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M. Eric Kohler has received a $150,000 Scholar Award from the American Society of Hematology to investigate a method to make CAR T cells function better.

Eric Kohler, MD, PhD, Receives Award to Improve CAR T-Cell Therapy 

CU Cancer Center member looking at ways to improve the method’s effectiveness in targeting low levels of tumor molecules. 

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Written by Greg Glasgow on February 24, 2023

Already regarded as one of the country’s leaders in CAR T-cell therapy, University of Colorado Cancer Center member M. Eric Kohler, MD, PhD, has received a $150,000 Scholar Award from the American Society of Hematology (ASH) to investigate a method to make CAR T cells function even better. 

CAR T-cell therapy works by removing immune cells known as T cells from a patient’s body through a blood draw and engineering them in a laboratory to target specific molecules on cancer cells before returning them to the patient’s bloodstream. One problem that arises with CAR T therapy, Kohler explains, is that the engineered immune cells often aren’t able to target tumor cells with low levels of the target molecule.  

His research into the issue resulted in the creation of a new type of CAR cell that is able to more effectively go after tumor cells with lowered levels of the target protein. 

“What we’ve done is to develop a completely new design for the CAR molecule. This design came from studying why the original would fail,” says Kohler, provider at Children’s Hospital Colorado. “We identify a molecule called LAT as a choke point in the activation signal from the CAR molecule. To overcome this choke point, we built a CAR that specifically signals through the LAT molecule and amplifies the signal in the CAR T cell. When we did that, we were able to target tumor cells that have really low levels of the target molecule on their surface.”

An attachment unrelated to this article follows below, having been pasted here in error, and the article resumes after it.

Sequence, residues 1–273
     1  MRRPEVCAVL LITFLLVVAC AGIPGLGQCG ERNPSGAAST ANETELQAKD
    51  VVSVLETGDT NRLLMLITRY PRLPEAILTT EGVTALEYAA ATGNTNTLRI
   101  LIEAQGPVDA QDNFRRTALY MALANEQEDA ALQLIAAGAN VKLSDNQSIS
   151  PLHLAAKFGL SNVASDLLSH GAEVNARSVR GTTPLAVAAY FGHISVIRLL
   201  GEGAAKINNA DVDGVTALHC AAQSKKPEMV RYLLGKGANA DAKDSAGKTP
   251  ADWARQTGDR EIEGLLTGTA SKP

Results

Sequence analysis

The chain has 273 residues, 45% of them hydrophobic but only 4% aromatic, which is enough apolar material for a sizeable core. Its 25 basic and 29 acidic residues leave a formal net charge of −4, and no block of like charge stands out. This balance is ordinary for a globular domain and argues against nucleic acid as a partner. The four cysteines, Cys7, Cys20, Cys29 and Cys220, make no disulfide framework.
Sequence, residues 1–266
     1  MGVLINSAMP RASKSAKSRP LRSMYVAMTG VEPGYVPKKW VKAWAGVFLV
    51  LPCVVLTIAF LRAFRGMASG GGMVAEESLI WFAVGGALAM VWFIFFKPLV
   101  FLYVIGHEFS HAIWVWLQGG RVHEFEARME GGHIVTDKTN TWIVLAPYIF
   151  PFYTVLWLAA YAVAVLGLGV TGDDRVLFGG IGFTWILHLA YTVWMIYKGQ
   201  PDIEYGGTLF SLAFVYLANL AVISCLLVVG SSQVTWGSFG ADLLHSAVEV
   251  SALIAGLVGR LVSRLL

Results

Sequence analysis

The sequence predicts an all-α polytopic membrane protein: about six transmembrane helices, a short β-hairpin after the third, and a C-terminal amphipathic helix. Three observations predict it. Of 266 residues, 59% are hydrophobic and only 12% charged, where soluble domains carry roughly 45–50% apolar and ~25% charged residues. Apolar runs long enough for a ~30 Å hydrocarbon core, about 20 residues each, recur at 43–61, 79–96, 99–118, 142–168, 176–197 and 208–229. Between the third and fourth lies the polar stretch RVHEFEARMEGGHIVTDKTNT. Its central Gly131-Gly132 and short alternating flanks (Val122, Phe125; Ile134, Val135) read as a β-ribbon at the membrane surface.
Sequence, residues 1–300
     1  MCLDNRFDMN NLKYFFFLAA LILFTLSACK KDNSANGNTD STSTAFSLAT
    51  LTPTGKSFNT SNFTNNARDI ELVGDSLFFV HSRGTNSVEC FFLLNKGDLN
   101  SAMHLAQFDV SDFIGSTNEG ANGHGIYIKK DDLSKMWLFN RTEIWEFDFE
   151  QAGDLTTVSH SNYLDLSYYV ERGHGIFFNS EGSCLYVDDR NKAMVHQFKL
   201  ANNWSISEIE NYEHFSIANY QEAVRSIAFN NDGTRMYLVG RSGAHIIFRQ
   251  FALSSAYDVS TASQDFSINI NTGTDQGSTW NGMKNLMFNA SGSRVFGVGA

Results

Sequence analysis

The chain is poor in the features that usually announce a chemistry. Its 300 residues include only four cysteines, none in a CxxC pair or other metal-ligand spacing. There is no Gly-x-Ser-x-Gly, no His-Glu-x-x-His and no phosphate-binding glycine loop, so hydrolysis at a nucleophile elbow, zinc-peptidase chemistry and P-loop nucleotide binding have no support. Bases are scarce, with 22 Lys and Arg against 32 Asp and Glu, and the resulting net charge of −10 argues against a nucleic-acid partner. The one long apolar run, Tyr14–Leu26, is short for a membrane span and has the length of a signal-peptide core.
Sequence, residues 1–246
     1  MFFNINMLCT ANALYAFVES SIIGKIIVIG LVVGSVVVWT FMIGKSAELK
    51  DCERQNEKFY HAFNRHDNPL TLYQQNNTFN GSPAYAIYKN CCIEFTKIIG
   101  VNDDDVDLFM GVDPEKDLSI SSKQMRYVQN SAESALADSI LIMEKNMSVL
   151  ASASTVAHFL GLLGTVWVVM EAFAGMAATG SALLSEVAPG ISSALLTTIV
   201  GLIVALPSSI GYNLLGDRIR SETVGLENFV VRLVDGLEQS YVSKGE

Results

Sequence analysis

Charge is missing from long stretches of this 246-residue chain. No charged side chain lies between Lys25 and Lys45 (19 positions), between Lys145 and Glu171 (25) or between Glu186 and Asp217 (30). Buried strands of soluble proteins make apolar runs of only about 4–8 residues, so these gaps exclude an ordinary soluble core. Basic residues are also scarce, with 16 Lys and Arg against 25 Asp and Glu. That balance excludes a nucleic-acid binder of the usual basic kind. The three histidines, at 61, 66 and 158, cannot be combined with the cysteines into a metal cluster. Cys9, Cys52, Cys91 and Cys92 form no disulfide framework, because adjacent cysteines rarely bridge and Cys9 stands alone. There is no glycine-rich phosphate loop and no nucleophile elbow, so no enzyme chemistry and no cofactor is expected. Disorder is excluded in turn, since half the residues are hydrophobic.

Investigating toxicity, longevity 

In the two-year study funded by the ASH Scholar Award, Kohler plans to look at whether the new therapy — dubbed ALA-CART (adjunctive LAT-activating CAR T cell) — lasts longer in the body. The study will also examine if the new design increases the potency of the CAR T cells without increasing the toxicity of the treatment.  

Since tumor cells can decrease the amount of their targeted proteins to evade CAR T cells, the ability of CARs to target low levels of the molecule is a problem that needs to be solved to make the therapy more effective and long-lasting. 

“Current CAR therapies rely on the LAT that naturally exists in the T cells before they are turned into CAR T cells,” Kohler explains. “But there is nothing in the design of standard CARs to cause these two molecules to interact. Nature didn’t design LAT to find our CAR molecules, and CAR molecules weren’t designed to bind LAT. In our ALA-CART format, we actually put more LAT into the T cell, and we force the interaction of the CAR and the LAT so we can restore that signal that's been missing.” 

New hope for treatment of blood cancers 

Targeted at patients with blood cancers such as leukemia, the ALA-CART therapy may eventually help patients in whom previous CAR T therapies have failed. In the case of leukemia, the CAR is specifically targeted at a protein known as CD22. 

“When patients get CAR T cells targeting CD22, they often respond really well initially,” Kohler says. “Unfortunately, many relapse shortly after, because the leukemia reduces the amount of CD22 on the surface of the cell to a low level that the CAR can’t target. Those patients usually have very few treatment options left. If our new ALA-CART works the way we think it will, we’re hoping it will be an effective long-term therapy for patients.  

Valuable support 

Based on his preliminary data, Kohler says, the ALA-CART format is likely to work better against all target proteins, not just CD22, and the boosted immune cells will stay in the body for a longer period of time, making the patients much less likely to relapse. He is grateful to ASH for giving him the means to further explore the new treatment. 

“It’s huge to have this kind of support and receive funding for this project,” Kohler says. “We are going to keep building and keep pushing toward a clinical trial. It’s a very competitive award, so it’s a really nice nod to get it. It’s going to help move this project forward over the next couple of years, which I hope will ultimately improve patient outcomes.” 

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M. Eric Kohler, MD, PhD